Saturday, September 17, 2022
Jim Davis - Florida Catholic
SOUTHWEST RANCHES | If one person could be the quintessential graduate of Archbishop Edward A. McCarthy High School, Mahogani Chery would be a good candidate. During her four years there, she seemed everywhere: track, drama, debate, softball, cheerleading, newspaper, liturgy club, student government.
“There were limitless opportunities,” said Chery, who attended from 1999 to 2003. “You could aspire to whatever you wanted to be.”
As McCarthy High looks toward its 25th anniversary, its alumni reminisced about how the school shaped and supported them. Whether music or debate, math or liturgy, they gave high scores to their alma mater.
The school’s many facets will be showcased at the main celebration, a gala on Jan. 20, 2023, at the Ritz-Carlton Hotel in Fort Lauderdale. Featured will be not only dancing and an auction, but performances from the student arts programs.
McCarthy this year is also resuming parish visits, in which eighth-graders from area parochial schools check out the school for a day. They get to see the school’s science and robotics labs, as well as music, theater and other classes.
Among its honors, McCarthy High has been named a School of Excellence by the Catholic High School Honor Roll. In 2013, the magazine Today’s Catholic Teacher chose McCarthy as one of 12 schools for its Innovations in Catholic Education Awards. In 2015, it was named an Apple Distinguished School for its use of technology in education.
Chery said McCarthy’s advanced classes helped her at the University of Florida, where she studied mass communications, cultural anthropology and political science. She then handled corporate communications for several firms before her current job, running the diversity program at a South Florida company.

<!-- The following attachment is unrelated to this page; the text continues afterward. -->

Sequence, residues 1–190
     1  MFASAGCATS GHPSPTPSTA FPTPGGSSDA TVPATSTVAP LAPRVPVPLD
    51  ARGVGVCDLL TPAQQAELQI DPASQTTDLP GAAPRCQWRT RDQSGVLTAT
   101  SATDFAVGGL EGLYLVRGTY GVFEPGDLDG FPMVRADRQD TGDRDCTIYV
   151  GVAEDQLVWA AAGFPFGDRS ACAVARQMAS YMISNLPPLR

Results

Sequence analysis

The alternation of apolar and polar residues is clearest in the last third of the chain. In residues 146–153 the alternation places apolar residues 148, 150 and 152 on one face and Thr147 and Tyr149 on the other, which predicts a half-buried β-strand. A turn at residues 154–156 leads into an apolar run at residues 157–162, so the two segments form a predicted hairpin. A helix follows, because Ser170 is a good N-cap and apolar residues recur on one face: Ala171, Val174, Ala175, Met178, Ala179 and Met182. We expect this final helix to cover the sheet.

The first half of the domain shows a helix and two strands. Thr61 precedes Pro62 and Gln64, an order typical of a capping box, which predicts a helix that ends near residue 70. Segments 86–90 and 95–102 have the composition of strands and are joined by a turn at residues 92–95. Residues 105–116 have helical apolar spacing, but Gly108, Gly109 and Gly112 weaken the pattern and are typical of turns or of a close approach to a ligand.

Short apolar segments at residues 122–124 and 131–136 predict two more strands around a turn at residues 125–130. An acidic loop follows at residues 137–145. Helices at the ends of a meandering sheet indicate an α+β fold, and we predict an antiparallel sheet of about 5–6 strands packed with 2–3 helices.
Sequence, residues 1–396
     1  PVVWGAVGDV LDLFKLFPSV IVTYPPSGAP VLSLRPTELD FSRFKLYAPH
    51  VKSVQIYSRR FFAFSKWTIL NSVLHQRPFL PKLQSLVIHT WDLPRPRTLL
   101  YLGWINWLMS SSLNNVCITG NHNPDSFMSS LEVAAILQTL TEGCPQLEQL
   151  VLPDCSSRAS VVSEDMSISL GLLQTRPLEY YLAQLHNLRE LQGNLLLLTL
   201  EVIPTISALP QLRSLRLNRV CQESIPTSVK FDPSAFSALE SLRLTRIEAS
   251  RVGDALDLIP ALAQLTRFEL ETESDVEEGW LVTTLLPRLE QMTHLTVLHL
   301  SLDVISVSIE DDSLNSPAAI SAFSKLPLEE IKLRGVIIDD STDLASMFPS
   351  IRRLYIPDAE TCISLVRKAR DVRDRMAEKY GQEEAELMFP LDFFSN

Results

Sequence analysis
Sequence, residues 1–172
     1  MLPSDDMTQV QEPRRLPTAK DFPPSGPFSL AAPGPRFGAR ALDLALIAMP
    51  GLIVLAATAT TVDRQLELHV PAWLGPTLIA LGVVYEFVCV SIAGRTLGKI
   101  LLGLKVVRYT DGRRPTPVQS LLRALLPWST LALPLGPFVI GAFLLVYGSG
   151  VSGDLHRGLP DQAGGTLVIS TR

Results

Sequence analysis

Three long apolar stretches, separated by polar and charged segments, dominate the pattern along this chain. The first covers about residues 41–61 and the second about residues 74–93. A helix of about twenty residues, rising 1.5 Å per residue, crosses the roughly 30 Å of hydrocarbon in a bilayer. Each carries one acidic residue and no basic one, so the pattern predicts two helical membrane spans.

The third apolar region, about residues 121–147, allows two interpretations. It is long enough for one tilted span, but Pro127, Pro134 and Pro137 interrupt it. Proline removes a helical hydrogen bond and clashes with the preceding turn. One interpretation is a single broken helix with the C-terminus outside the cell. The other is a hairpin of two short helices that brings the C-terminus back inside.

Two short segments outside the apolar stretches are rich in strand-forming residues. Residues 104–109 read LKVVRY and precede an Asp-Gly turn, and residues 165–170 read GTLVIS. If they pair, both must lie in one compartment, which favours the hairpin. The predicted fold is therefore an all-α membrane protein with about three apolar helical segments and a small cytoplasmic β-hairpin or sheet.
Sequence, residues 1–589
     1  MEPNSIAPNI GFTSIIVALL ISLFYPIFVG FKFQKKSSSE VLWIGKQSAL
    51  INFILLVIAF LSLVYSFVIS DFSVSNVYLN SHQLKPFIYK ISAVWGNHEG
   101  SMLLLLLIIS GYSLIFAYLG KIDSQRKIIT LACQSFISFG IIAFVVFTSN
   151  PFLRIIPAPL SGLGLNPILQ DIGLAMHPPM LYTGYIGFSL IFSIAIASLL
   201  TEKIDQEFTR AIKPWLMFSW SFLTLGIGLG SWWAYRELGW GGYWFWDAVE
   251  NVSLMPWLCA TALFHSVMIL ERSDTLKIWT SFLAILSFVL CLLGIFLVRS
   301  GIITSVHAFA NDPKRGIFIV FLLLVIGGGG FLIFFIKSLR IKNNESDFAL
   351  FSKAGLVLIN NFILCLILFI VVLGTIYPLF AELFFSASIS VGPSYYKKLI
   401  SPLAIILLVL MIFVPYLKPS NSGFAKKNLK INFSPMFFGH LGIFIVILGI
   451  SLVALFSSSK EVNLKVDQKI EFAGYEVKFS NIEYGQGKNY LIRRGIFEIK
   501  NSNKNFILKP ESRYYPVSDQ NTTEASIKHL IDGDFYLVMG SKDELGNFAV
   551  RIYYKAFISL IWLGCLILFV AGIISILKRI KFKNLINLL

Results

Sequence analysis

As a member of the second graduating class at McCarthy, Chery and her friends took part in the dedication of several buildings at the school, including the gym, the chapel and the first football field. Looking back, she views it as “being part of history. We were trailblazers, whatever we did.”
She still keeps in touch with staff at McCarthy High. She's donated to the school, and she attends a sporting event every year.
“I met incredible people there, and friends that I still have today,” Chery said. “It was a great experience.”
FEELING AT HOME
She and others at the school made Jackie Mastrangelo feel at home when she arrived from Miami in 1999. She was the first to befriend Mastrangelo, but not the last.
“Everyone was so welcoming, including the teachers,” said Mastrangelo, a Plantation resident who attends St. Bonaventure Church in Davie. “I remember making amazing friendships.”
Mastrangelo plunged into school life along with Chery: dance, cheerleading, liturgy club. She also served as a “student ambassador,” a kind of docent for visitors and new students.
“My fondest memories of being young were my high school years,” Mastrangelo said. “I think we all felt that way. We spent so much time at school, it felt like a second home.”
After high school, Mastrangelo earned a master’s degree with the online American College of Education. She's been principal of a private school in Miami-Dade since 2011.
She credits McCarthy High with preparing her for college and professional life. “A huge part of what I became is from my high school years.”
Dr. Catherine Cepeda likewise found a diverse atmosphere at McCarthy High. She joined a range of clubs, from chess to drama. But she found a lifelong love interest at science class.
“My teacher made science amazing, fun, easy, enjoyable,” said Dr. Cepeda, an ob-gyn doctor in Hollywood. “And my dad brought me up to believe in helping people. McCarthy High supplemented that, and I made a life of it.”
From McCarthy, she went on to Florida International University, then got her doctorate at Rutgers Medical School. She worked four years at Maimonides Medical Center in Brooklyn before returning to South Florida this past June.
TRAGEDY AND SUPPORT